NEW YORK (Reuters Breakingviews) - Few stories seem less suited for the silver screen than the Panama Papers – the massive trove of tax and legal documents leaked from Mossack Fonseca, the disgraced one-stop shop for offshore tax-dodging. Sure, the 11.5 million files included juicy details about the tax-avoidance habits of boldfaced names from the Saudi Arabian monarch to martial artist Jackie Chan. But creating drama out of someone signing 25,000 certificates of incorporation is tough.
Steven Soderbergh’s new film “The Laundromat,” written by Scott Burns and available on Netflix, deserves an “A” for effort. While the dark farce may also merit a “D” for execution, it’s still worth watching for its unglamorous depiction of corrupt wealth – and for having the guts to implicate the entertainment-industrial complex in the mess.
Soderbergh’s unsatisfying film mirrors its putrid subject. In offshore finance, one shell company often leads to another tangentially related one, which, in the end, tends to lead to an empty post office box somewhere warm with few regulations. Similarly, the stories in this film – partially inspired by journalist Jake Bernstein’s nonfiction account of the scandal – are only vaguely connected and don’t easily lead to a broader reveal.
In the central story, Ellen Martin a feisty Michigander played by Meryl Streep, pursues an insurance claim for a boating accident that kills her husband (James Cromwell). She runs into Malchus Irvin Boncamper (Jeffrey Wright), a Nevis-based accounting huckster involved with fake insurance companies – among other frauds.
The cast of characters also includes Nevada’s worst real estate agent, played by Sharon Stone; a businessman (Nonso Anozie) with experience in adultery and bearer shares; and a riff on the Bo Xilai homicidal corruption scandal that rocked China. These vignettes end with unsatisfying conclusions, unanswered questions, and underwhelming villains.
The most obvious baddies are the titular duo, the lawyers Jürgen Mossack and Ramon Fonseca. Channeling “The Big Short,” Gary Oldman and Antonio Banderas play the pair as campy emcees who break the fourth wall to teach the audience Economics 101 and the basics of offshore tax law. The two are certainly shown to be venal – but they also come across as ludicrous clowns. Unlike other recent portrayals of morally questionable elites, on shows like Showtime’s “Billions” or “Succession” on HBO, “The Laundromat” doesn’t make its corrupt figures appear brilliant or alluring – just pathetic.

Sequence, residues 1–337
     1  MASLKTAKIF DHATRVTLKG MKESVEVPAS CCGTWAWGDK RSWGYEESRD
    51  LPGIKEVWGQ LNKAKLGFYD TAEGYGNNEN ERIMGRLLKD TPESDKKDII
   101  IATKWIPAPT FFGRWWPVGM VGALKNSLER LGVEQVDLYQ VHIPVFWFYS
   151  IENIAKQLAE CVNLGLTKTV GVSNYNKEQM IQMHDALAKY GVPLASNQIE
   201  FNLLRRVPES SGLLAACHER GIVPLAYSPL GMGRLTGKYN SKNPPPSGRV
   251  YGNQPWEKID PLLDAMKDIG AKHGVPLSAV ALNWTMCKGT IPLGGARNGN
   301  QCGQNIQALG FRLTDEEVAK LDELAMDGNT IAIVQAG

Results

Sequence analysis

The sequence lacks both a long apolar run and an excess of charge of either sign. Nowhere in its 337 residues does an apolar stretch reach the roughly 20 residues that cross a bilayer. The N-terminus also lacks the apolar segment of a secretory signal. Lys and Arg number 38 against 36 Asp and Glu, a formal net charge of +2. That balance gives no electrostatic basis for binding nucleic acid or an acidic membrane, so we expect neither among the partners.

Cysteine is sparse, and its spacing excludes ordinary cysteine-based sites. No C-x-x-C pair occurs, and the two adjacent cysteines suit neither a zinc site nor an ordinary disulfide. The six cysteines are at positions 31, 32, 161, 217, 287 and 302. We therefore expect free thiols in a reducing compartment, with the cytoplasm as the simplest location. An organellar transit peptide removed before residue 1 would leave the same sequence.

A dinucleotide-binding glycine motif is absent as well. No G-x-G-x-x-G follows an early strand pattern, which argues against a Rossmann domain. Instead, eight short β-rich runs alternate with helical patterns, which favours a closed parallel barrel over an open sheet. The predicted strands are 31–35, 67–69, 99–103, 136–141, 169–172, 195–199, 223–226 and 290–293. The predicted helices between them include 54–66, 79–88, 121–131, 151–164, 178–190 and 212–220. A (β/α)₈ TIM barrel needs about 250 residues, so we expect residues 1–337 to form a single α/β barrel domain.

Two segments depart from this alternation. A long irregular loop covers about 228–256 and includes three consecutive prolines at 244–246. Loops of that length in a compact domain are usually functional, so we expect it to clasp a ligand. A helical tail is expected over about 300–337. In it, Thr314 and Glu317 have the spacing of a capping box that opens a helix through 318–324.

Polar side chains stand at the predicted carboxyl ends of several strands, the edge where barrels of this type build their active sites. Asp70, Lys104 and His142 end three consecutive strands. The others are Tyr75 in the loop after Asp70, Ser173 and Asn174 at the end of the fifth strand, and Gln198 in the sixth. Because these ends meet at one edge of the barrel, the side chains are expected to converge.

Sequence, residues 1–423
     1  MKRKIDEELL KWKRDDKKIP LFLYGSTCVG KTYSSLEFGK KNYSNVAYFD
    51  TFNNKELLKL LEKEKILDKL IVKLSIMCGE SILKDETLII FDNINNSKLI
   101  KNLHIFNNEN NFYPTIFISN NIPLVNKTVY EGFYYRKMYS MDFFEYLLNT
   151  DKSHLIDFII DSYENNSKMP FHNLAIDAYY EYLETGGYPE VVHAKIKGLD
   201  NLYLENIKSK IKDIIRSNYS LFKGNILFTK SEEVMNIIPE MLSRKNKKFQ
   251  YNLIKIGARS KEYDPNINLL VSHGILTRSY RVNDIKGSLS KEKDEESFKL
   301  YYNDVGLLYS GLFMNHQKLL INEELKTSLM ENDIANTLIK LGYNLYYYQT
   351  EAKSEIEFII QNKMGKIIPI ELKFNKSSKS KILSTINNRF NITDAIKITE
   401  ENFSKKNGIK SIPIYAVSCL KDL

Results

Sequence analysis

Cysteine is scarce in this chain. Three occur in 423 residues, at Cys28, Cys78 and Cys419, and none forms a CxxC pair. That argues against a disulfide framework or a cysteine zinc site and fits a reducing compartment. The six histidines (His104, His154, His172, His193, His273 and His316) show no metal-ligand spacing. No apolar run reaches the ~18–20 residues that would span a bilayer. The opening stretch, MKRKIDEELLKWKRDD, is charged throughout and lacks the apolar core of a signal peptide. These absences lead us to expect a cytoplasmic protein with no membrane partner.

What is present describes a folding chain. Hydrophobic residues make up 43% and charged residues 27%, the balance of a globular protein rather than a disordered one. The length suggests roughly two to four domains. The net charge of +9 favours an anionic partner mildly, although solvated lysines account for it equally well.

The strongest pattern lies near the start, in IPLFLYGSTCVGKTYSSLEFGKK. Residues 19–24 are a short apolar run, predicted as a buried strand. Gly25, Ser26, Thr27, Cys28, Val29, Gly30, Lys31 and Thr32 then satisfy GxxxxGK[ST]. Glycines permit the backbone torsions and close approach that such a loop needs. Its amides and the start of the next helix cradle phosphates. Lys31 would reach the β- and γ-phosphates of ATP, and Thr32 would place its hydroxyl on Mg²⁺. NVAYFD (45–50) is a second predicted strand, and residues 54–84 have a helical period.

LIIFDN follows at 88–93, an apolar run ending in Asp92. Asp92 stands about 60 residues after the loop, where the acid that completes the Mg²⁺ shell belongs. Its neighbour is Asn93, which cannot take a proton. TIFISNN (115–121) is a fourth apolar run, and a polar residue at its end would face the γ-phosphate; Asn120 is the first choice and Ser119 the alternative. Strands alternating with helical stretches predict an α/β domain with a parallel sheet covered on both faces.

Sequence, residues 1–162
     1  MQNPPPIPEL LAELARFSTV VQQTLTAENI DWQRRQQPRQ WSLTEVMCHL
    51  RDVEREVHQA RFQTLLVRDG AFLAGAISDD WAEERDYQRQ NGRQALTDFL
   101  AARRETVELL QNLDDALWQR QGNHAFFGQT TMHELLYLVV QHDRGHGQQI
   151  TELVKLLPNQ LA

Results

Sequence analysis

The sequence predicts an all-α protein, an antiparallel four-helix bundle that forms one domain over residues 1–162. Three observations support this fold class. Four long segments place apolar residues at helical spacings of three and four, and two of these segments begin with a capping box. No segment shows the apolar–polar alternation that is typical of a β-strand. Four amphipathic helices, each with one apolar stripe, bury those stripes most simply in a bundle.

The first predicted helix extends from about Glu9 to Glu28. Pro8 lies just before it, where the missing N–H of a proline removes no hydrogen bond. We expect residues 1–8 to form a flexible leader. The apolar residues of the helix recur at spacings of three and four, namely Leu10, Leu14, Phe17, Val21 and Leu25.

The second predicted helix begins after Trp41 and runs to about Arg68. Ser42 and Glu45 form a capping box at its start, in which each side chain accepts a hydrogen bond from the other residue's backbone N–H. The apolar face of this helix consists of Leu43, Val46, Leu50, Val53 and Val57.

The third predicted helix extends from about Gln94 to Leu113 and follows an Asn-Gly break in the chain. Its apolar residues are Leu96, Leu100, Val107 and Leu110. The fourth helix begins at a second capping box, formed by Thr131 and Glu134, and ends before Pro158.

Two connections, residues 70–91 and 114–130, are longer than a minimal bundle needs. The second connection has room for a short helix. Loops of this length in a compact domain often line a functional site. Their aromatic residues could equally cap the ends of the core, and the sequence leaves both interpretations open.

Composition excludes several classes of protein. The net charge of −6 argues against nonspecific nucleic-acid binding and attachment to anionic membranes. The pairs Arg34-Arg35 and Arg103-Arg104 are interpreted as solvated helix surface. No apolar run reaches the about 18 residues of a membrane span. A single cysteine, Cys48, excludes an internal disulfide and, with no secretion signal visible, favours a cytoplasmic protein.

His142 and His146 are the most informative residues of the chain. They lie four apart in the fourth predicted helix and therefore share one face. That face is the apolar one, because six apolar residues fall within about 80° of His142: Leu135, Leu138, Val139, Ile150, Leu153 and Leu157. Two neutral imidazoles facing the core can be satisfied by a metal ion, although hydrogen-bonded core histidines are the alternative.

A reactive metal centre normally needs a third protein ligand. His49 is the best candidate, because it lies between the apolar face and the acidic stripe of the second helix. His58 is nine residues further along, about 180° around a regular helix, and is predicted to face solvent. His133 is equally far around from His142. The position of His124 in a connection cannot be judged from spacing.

Soderbergh doesn’t make a case that these seedy fools are the root cause of the injustice depicted in the film, or that their brief arrest will fix tax loopholes, stamp out money laundering, or reduce income inequality. That’s because they’re not criminal masterminds or masters of the universe – just opportunistic leeches feeding off a broken global financial system.
Soderbergh winks at Hollywood’s complicity in this morally reprehensible financial framework. The film’s most telling direct-to-audience remarks are the offhand comments that even the film’s director and writer have set up shell companies. Whether or not this is true is beside the point. What matters is that he’s calling out the entertainment industry on its hypocrisy.
Actors and filmmakers often fall over each other to promote progressive causes and slam Wall Street – even as many of them set up complicated trusts and accept funding for their projects from questionable sources. Just ask Leonardo DiCaprio and Martin Scorsese, whose film “The Wolf of Wall Street” was partially funded by Jho Low, the fraudster behind Malaysia’s 1MDB multi-billion-dollar scandal. The due diligence seems to have been a little lax there.
“The Laundromat” opens with a scene featuring cavemen better suited to a Geico commercial and ends with dialogue that sounds like it was written by a film student channeling Bertolt Brecht. Even the majestic Streep can’t save it from mediocrity, which is saying something. But this isn’t a film to be watched for perfection. If it serves any purpose, it is as a call to action, though not an especially strong one.
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